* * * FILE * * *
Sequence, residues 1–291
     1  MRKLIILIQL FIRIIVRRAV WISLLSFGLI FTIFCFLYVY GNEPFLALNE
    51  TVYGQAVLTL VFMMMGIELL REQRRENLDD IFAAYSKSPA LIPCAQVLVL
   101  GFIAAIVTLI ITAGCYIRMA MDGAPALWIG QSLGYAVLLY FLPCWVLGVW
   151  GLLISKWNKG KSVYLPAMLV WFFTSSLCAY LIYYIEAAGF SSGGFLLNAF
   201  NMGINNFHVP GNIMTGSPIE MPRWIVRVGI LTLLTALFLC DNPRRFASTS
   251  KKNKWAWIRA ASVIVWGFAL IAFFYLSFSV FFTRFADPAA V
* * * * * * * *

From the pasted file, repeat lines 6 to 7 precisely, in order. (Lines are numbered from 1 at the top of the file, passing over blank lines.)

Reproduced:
   201  NMGINNFHVP GNIMTGSPIE MPRWIVRVGI LTLLTALFLC DNPRRFASTS
   251  KKNKWAWIRA ASVIVWGFAL IAFFYLSFSV FFTRFADPAA V